2. Trevor Richards is a top 20 pitcher
If you kind of forgot Trevor Richards existed, it’s okay. He played for the Miami Marlins last year, so it’s understandable if you’re not 100% sure who he is. But give me a moment to preach the good gospel of Trevor to you, because this man has an absolutely filthy pitch—his changeup. How filthy is it? It logged a 52.3% chase rate, 24.2% SwStr rate and a 14.7 pVAL. That chase rate was good for the seventh most-chased pitch in all of baseball, and that pVAL was good for the third-highest pVAL among all changeups. So why isn’t he on more peoples’ radars? Because he also had one of the worst fastballs in baseball last year. Seriously, it was terrible, logging a -14.0 pVAL and a .212 ISO against. But this was his rookie year, and in that rookie year, he flashed one of the best pitches in all of baseball. If he can refine that fastball and command it better, and improve on his mediocre curveball, he could be an extremely dangerous pitcher. And it doesn’t hurt to pitch in a pitcher’s park like Miami.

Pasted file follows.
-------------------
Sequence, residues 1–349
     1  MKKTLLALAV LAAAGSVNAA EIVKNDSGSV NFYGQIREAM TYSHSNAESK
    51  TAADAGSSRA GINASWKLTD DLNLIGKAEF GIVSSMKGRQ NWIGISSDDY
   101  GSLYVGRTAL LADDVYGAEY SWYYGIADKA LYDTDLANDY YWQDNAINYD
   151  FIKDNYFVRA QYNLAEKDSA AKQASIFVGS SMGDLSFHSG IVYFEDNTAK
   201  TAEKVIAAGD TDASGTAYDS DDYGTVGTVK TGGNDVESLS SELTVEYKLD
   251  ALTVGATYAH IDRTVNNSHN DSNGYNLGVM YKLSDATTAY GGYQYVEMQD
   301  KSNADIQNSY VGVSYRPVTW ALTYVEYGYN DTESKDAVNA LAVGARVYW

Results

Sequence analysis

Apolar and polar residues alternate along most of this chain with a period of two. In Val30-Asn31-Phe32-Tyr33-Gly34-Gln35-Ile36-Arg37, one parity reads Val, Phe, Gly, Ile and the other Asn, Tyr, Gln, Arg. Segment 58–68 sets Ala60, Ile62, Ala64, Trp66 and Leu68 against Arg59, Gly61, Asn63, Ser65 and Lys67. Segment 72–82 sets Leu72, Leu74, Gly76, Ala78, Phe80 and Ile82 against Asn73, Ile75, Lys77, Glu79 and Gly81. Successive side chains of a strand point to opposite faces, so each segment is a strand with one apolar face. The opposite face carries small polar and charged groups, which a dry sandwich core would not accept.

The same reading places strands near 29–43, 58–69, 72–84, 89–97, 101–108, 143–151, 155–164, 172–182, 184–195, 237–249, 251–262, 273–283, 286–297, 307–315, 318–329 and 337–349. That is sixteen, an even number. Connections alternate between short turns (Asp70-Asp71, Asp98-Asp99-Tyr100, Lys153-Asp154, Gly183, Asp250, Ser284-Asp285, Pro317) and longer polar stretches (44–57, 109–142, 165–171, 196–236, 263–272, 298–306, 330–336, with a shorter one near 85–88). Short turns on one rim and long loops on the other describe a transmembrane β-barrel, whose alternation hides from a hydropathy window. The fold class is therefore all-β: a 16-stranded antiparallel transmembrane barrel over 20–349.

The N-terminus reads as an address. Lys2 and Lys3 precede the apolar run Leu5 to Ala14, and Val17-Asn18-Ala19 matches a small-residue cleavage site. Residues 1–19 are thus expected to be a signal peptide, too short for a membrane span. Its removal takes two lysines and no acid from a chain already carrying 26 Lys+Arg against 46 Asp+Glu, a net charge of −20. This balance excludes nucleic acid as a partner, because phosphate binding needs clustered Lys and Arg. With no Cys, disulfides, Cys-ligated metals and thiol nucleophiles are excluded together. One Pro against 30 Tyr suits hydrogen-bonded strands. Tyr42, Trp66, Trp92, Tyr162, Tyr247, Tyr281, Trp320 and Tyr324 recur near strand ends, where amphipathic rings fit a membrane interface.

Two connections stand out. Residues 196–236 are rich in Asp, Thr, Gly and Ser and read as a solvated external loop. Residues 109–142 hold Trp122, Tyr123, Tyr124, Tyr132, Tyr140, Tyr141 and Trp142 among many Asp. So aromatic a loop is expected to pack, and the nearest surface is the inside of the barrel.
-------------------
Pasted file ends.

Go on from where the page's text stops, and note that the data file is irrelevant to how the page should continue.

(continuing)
3. Yasiel Puig finishes the year as a top 10 player and is in the running for MVP
I’ve always loved Yasiel Puig‘s skills, but I’ve been dying for him to leave the Los Angeles Dodgers for years. Even in L.A., he’s had some really great success, especially over the past two years. But now, he’s with the Cincinnati Reds in what looks like a pretty darn good lineup in a good hitter’s park, and I think he could run wild. Last year, he saw the best barrel rate of his career at 10.6% and he tied the best hard hit rate he’s had in his career at 40.3%. Assuming he stays healthy, I could easily see him taking advantage of his new surroundings and having an insane year.
4. Cedric Mullins goes 20/20 and bats at least .280
Two Orioles entries in my bold predictions? Sure, why not. Cedric Mullins was really impressive in the minors in 2018. Through 487 plate appearances in double- and triple-A last year, Mullins slashed .289/.346/.472 with 12 home runs and 21 stolen bases. He’s got power for sure, he hit 14 home runs in 2016 in single-A and 13 in 2017 in double-A. He’s also going to get playing time on a garbage Orioles team because they want to see what their rookies can do, and Mullins is one of their most promising ones. I also think new Orioles manager Brandon Hyde is going to let the team steal as many bases as they want. All of that combined with the skills Mullins has shown in the past and the fact that he’s hitting in the AL East, a 20/20 season I think is definitely in the cards.
5. Teoscar Hernandez leads the league in home runs